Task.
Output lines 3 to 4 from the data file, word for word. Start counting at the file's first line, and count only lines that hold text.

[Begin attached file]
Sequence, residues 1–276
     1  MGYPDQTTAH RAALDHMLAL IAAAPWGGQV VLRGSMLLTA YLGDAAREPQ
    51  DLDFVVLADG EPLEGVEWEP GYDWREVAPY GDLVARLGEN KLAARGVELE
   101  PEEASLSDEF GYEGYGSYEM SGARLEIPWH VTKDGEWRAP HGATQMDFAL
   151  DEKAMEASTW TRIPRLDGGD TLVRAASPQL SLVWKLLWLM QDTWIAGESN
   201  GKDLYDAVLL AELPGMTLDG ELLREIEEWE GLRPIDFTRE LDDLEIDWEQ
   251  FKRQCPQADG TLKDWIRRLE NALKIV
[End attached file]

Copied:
    51  DLDFVVLADG EPLEGVEWEP GYDWREVAPY GDLVARLGEN KLAARGVELE
   101  PEEASLSDEF GYEGYGSYEM SGARLEIPWH VTKDGEWRAP HGATQMDFAL